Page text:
Apparently, some great relief pitching by both teams and game-saving (at the time) DP’s started by Brad Ausmus and Morgan Ensberg don’t count for much. In the opinon of ESPN’s Buster Olney, Tuesday night’s marathon was “just awful baseball”.

The actual baseball was terrible, with the pitchers dominating hitters in a way you rarely see except in games when some of the players haven’t advanced through puberty yet.

To say that the Astros’ hitting was ineffective would be like suggesting that Enron had an accounting problem. The Houston batters — seemingly pressing to the point of being numb — rarely even hit the ball hard. Some of that was due to the stuff of Bobby Jenks and the guile of Orlando Hernandez, but there were multiple situations in which all the Astros needed was a groundball of 100 feet, a fly ball of 250 feet. Anything. Houston had one hit in its last 33 at-bats. It wasn’t as if the White Sox fielders were diving all over the place and making great plays, the way they did against the Red Sox in the first round. If they had, the game could have been a classic. The Astros just generated a lot of bad at-bats. It was if the fans at Minute Maid Park weren’t sure how to react. The fans stood, inning after inning, cheering and then going quiet, time and again.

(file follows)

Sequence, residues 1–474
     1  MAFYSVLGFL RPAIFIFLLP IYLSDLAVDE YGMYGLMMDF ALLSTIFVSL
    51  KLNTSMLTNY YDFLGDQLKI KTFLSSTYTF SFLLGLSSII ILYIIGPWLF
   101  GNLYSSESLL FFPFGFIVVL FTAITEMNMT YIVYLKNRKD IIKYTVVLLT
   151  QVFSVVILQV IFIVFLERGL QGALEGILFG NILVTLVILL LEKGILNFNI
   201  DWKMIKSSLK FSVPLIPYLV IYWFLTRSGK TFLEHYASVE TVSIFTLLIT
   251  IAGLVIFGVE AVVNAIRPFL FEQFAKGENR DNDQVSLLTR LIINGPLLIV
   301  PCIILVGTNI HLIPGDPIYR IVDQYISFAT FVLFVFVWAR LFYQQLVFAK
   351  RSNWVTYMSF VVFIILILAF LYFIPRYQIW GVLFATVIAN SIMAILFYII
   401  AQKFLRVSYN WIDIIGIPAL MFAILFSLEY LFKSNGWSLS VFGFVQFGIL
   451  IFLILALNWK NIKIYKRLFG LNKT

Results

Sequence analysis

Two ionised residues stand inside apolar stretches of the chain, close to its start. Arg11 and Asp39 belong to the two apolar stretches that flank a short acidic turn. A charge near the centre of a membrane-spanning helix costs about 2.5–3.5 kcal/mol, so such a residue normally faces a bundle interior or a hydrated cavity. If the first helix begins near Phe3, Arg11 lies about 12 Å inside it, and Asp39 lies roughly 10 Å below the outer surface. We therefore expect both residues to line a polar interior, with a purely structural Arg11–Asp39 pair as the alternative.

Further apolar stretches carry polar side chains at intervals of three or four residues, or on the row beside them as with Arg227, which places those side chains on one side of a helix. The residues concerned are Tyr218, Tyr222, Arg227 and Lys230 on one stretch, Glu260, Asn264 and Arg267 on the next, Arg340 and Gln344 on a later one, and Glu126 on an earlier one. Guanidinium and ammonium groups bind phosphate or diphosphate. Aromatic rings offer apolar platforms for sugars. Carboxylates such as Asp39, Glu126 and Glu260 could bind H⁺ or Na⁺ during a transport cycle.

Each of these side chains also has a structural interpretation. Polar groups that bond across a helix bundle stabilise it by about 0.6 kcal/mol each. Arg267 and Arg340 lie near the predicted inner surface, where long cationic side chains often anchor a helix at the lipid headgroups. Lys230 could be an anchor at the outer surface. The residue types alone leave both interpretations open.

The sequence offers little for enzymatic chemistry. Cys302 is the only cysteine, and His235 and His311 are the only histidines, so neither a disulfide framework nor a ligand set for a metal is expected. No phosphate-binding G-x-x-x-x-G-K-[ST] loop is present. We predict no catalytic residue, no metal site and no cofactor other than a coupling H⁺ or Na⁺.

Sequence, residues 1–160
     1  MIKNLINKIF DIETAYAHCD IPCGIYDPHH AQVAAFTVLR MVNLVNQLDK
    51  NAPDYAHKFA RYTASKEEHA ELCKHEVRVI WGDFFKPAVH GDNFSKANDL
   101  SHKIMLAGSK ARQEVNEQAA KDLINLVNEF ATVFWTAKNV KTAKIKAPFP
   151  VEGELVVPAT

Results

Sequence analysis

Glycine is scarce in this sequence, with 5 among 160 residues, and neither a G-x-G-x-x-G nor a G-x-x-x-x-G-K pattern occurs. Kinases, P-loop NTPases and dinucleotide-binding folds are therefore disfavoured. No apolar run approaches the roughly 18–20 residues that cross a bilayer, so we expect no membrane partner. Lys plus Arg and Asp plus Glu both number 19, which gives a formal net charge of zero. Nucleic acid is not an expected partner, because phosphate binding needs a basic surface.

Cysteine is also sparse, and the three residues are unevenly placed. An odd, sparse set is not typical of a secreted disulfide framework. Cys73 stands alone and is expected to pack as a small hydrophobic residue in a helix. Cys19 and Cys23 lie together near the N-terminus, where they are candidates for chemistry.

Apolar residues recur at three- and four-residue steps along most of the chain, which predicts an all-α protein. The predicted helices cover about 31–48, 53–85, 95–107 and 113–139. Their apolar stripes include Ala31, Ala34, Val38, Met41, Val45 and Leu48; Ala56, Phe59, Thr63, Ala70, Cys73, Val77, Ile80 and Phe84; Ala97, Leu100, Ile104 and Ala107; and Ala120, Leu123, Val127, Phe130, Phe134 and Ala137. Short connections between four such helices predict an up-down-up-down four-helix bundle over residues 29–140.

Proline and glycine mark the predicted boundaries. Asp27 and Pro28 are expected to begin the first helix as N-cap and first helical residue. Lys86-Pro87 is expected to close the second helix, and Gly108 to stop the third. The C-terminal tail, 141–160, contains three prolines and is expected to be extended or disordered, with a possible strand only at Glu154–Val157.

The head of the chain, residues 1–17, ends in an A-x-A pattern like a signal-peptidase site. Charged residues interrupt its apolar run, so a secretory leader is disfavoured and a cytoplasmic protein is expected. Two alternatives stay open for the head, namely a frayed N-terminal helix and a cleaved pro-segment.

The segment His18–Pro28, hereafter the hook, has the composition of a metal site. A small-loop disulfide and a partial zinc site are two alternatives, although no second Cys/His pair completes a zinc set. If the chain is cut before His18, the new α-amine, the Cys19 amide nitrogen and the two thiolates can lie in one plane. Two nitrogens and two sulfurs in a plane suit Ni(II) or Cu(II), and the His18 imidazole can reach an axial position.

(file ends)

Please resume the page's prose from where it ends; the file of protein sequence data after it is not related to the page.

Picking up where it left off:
The writers in the press box were tortured, as well. Deadline after deadline passed and as time went on, the number of writers standing at their computers grew, many of them having been told that the last run of their newspapers had begun, and there was no chance to get their stories in the morning paper. But then, nobody was really complaining. Unless you were writing for the papers in Chicago and Houston, there really wasn’t much compelling in Game 3, even as the list of broken records — most pitchers used, longest game by time, etc. — lengthened.

The instant that Blum’s homer cleared the right field fence, the noise made by the 30 guys in the White Sox dugout hovered over all of them.

So there you have it. A battle between the AL and NL champs — with both clubs working their way out of jams right until the very end — actually sucked, because journalists were missing their deadlines (indeed, the press area in the left field grandstand had cleared out well before the 14th inning — nice seats, too). If the Astros struggled to execute against the likes of El Duque and Jenks, well, should a World Series hopeful really have their season riding on Orlando Palmiero? You could say the same of Geoff Blum, really.

Anyhow, this game was so boring that “SportsCenter” devoted its entire opening 10 minutes Wednesday night to recapping the key plays — highlights they’re usually able to cram into a few minutes, max.

Local radio in these parts was dominated by guys whose programs didn’t start until 3pm, complaining about how hard it was to stay up. Which is a nice twist for a future Phil Mushnick column ; the real problem causing games to run late isn’t MLB’s corporate greed. Rather, it’s the Houston Astros’ inability to score any runs.